The greatest common divisor of two integers is \((x+5)\) and their least common multiple is \(x(x+5)\), where \(x\) is a positive integer. If one of the integers is 50, what is the smallest possible value of the other one?

ant101 Feb 22, 2018

#1**+1 **

GCD{a, 50} = x + 5

LCM{a, 50} =x(x + 5)

One simple solution is:

a = 10, and x = 5, since:

GCD{10, 50} =10, and x + 5 = 10, therefore x=5

LCM{10, 50} =50, and x(x + 5) = 50 =x^2 + 5x, therefore x = 5

Guest Feb 22, 2018

#3**+1 **

Sorry Tetre but I agree with guest. x=5

but the question asks what is the smallest value of the other interger is and that is the pronumeral 'a'

The smallest possible value of a is **10**

**This is how I did it.**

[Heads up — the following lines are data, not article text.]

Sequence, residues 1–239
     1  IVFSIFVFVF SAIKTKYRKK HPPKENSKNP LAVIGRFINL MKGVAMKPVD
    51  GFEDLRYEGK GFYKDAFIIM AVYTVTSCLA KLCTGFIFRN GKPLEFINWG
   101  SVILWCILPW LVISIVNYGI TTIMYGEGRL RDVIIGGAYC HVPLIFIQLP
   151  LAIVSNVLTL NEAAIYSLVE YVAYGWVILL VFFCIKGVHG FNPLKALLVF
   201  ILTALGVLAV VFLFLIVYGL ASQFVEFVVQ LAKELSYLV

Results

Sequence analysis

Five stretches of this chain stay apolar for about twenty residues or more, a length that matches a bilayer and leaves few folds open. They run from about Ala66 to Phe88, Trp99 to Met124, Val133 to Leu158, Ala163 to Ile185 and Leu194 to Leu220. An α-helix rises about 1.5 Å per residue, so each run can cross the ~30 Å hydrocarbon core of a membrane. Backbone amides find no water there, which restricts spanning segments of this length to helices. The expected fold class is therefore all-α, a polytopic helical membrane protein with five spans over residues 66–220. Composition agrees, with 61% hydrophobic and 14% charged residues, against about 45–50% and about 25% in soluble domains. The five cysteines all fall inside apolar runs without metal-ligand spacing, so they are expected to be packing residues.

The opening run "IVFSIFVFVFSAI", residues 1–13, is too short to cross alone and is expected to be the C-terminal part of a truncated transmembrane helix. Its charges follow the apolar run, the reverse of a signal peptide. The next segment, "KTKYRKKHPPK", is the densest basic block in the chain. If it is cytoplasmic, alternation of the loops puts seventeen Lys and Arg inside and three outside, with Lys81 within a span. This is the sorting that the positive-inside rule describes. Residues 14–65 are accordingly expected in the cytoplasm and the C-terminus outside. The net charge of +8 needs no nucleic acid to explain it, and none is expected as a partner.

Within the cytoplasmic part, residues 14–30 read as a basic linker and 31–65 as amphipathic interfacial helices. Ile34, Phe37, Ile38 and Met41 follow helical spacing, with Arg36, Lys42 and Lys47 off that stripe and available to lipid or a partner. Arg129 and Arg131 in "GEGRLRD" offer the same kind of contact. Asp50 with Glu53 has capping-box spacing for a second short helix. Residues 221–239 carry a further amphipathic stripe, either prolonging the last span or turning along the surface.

The lowest common multiple of 2 numbers a and b is \(\frac{ab}{HCF(a,b)}\)

SO we have

\(GCD(a, 50) = x + 5\\ LCM(a, 50) =x(x + 5)=\frac{50a}{x+5}\\ x(x + 5)=\frac{50a}{x+5}\\ x(x+5)^2=50a\\ a=\frac{x(x+5)^2}{50}\qquad \text{where a and b } \in Z \ge 1\\ \)

I want the smallest positive integral value of a and I can see that as x isncreases a will increase

So I want the smallest possible value of x

Straight off I can see that x must be a multiple of 5

Try x=5 a=5*100/50 = 10 which is an integer

so the smallest value of the second number is 10

(Just as our guest already found)

Melody Feb 23, 2018